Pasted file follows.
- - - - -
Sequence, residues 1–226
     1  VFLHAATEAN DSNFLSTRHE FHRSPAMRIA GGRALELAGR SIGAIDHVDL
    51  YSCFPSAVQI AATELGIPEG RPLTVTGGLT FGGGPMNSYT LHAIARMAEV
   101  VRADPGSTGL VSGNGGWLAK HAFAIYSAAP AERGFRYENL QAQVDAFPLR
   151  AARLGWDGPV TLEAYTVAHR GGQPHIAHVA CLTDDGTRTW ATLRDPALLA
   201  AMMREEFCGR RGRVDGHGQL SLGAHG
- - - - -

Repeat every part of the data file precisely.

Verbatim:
Sequence, residues 1–226
     1  VFLHAATEAN DSNFLSTRHE FHRSPAMRIA GGRALELAGR SIGAIDHVDL
    51  YSCFPSAVQI AATELGIPEG RPLTVTGGLT FGGGPMNSYT LHAIARMAEV
   101  VRADPGSTGL VSGNGGWLAK HAFAIYSAAP AERGFRYENL QAQVDAFPLR
   151  AARLGWDGPV TLEAYTVAHR GGQPHIAHVA CLTDDGTRTW ATLRDPALLA
   201  AMMREEFCGR RGRVDGHGQL SLGAHG